Authentic Lessons for 21st Century Learning

Power Up: Reading ACT Prep, Week 3

Laura Halstied, Michell Eike | Published: November 13th, 2023 by K20 Center


In this reading ACT prep activity, students first infer what they know about an ACT-style reading passage before reading it. Students then respond to three different claims about the passage by creating evidence and reasoning to each claim. Students practice responding to five ACT-style questions and review the correct answers as a class. This is the third activity in a 10-week "Power Up" series for ACT prep.

Essential Question

  • How can I increase my ACT score?

Learning Objectives

  • Locate important details in a passage.

  • Identify the main idea in a passage. 

Materials List

  • Activity Slides (attached) 

  • Passage handout (attached; one per student)

  • CER handout (attached; one per student)

  • Questions handout (attached; one per student)

  • Questions (Teacher Guide) document (attached; for teacher use)

  • Pen/pencil


5 Minute(s)

Introduce the activity using the attached Activity Slides. Share the essential question on slide 3 and the learning objectives from slide 4

Move to slide 5 and tell students to imagine that this information was provided on the ACT before reading a passage. Ask students to think about what they could infer about the passage based on the information. Have students talk to a partner and then ask for a few volunteers to share their thoughts.


20 Minute(s)

Display slide 6. Tell students that on the ACT reading section, they will be given 35 minutes to answer 40 questions about 4 passages. This means that they should spend approximately nine minutes on reading the passage and answering the corresponding questions. If students spend four minutes reading each passage, they have about five minutes to answer the ten questions related to each passage.

Pass out the attached Passage handout to each student. Display slide 7 and have students read the passage silently. Use the embedded 4-minute timer on the slide to give students four minutes to read the passage. If students need more than four minutes, provide that extra time as students are just starting to practice reading stamina.

After students have read the passage, pass out the attached CER Grapes of Wrath handout to each student. Move to slide 8 and introduce the Claim, Evidence, Reasoning strategy to students. Provide time for students to find evidence and write an example of reasoning evidence to each claim in the Passage handout. Each evidence and reasoning example should be one to two sentences only. Display slide 9 and have students share their responses with another student. Have students discuss the question on the slide: What is the main idea of the passage? If time allows, ask for several volunteers to share what they think the main idea of the passage is.


10 Minute(s)

Move to slide 10 and pass out the attached Questions handout to each student. Since students traditionally have 4 minutes to answer 10 questions on the ACT, give them 2 minutes to answer the 5 given questions. Tell students there are five ACT-style questions, and they should try to answer the questions in two minutes to prepare for the pacing that the ACT reading test requires. Use the embedded 2-minute timer on the slide to time students but give more time to answer all five questions, if necessary.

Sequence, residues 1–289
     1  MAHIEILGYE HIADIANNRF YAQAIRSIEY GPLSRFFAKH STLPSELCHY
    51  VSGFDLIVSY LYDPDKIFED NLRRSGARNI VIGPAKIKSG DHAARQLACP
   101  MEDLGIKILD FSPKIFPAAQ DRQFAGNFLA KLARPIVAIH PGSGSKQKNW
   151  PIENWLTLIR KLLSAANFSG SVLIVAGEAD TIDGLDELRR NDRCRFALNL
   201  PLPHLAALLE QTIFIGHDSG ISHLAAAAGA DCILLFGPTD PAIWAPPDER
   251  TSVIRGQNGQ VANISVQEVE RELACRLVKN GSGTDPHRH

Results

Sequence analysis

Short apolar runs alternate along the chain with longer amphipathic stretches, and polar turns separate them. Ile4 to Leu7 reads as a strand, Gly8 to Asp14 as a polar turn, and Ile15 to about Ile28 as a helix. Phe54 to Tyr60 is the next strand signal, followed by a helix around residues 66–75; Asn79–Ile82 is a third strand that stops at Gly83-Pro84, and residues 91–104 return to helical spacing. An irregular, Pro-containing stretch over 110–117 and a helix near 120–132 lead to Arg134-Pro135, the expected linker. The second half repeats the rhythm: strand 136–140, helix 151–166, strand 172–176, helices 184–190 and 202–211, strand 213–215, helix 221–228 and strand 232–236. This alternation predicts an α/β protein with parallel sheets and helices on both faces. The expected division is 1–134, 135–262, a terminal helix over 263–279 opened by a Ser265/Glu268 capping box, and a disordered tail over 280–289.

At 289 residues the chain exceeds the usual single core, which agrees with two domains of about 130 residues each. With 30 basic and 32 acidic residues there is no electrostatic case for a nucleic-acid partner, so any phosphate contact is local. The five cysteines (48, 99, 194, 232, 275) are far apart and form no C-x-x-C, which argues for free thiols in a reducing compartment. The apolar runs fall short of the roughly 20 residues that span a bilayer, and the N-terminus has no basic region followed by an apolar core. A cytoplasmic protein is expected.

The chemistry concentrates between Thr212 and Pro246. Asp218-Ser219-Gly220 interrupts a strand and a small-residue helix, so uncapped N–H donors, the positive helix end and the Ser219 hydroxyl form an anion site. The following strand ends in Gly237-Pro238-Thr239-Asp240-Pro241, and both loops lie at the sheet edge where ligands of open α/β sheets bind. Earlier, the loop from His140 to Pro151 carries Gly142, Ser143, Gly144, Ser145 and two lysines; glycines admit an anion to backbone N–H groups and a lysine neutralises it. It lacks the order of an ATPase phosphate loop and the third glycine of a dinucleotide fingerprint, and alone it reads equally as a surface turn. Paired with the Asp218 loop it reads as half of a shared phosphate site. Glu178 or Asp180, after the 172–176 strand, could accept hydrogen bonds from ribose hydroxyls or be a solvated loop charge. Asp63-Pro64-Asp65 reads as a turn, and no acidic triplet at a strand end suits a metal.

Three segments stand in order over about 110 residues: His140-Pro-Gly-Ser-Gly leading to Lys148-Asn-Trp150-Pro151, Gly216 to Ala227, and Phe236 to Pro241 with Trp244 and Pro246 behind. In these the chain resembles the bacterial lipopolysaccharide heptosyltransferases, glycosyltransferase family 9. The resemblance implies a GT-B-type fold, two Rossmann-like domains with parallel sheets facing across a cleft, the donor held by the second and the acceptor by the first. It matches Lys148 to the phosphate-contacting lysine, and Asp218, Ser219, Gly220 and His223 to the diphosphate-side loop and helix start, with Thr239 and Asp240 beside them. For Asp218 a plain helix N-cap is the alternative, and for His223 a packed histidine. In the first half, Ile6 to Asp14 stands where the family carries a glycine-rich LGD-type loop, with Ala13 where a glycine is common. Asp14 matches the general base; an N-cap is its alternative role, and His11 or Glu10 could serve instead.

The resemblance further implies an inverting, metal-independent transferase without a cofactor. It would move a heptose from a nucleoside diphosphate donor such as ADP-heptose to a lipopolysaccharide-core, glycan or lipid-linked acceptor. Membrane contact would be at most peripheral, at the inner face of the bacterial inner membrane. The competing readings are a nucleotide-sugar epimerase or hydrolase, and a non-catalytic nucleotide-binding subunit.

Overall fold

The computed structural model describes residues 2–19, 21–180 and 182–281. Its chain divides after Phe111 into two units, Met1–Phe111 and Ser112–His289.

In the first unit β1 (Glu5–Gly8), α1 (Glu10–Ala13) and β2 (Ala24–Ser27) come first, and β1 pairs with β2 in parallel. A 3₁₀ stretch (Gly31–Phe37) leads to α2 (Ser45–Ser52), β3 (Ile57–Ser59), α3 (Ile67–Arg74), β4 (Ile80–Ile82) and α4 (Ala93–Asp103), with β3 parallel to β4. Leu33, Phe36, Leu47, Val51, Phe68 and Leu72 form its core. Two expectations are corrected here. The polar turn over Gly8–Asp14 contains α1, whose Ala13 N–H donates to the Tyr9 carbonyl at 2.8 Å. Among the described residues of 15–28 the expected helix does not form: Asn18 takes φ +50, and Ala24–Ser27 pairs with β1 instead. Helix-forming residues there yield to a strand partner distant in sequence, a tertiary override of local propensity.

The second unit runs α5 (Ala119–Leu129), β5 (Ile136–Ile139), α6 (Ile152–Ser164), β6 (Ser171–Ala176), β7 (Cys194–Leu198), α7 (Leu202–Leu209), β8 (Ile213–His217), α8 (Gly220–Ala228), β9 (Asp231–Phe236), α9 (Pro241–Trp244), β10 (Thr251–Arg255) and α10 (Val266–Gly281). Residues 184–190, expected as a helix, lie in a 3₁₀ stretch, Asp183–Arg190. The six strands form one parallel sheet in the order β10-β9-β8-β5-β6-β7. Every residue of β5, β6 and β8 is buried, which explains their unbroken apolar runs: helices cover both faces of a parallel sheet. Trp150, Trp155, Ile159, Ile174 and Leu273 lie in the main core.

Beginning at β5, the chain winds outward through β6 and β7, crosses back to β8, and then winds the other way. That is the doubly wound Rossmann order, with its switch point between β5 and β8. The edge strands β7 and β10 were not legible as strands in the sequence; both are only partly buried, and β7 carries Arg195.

Display slide 11 and review the correct answers as a class. If students have questions about answers, use the attached Questions (Teacher Guide) document, which provides explanations for the correct answers to these ACT-style questions. Facilitate a brief conversation about not knowing all the vocabulary in a passage and still being able to answer the questions. Reinforce with students that they can still be successful on the reading test without knowing what every word means.

Move to slide 12 and congratulate students on working to increase their preparation for the ACT. Suggest that students spend twenty minutes reading a text for pleasure weekly to further prepare for the ACT reading section.

Next Step

Complete next week’s activity, “Power Up: Reading ACT Prep, Week 4,” which covers the paired passage part of the ACT reading test.

Research Rationale

Standardized testing in high schools has long stood as a metric for assessing college readiness and school accountability (McMann, 1994). While there has been debate surrounding the accuracy of such metrics, as well as concerns regarding equity, many institutions of higher education continue to make these scores part of the admissions process (Allensworth & Clark, 2020; Black et al., 2016; Buckley et al., 2020). Aside from admissions, it is also important to keep in mind that standardized test scores can also provide students with scholarship opportunities they wouldn’t otherwise have (Klasik, 2013). Though the topic of standardized testing continues to be debated, effective test prep can ensure that our students are set up for success.

With several benefits to doing well on college admissions tests, it is important to consider how best to prepare students for this type of high stakes test. Those students from groups that may historically struggle to find success, such as those in poverty or first generation college students, especially stand to benefit from effective test preparation (Moore & San Pedro, 2021). The American College Test (ACT) is one option students have for college admissions testing that is provided both at national centers and school sites. Taking time to understand this test including the timing, question types, rigor, and strategies for approaching specific questions can help to prepare students to do their best work on test day and ensure their score is a more accurate representation of what they know (Bishop & Davis-Becker, 2016).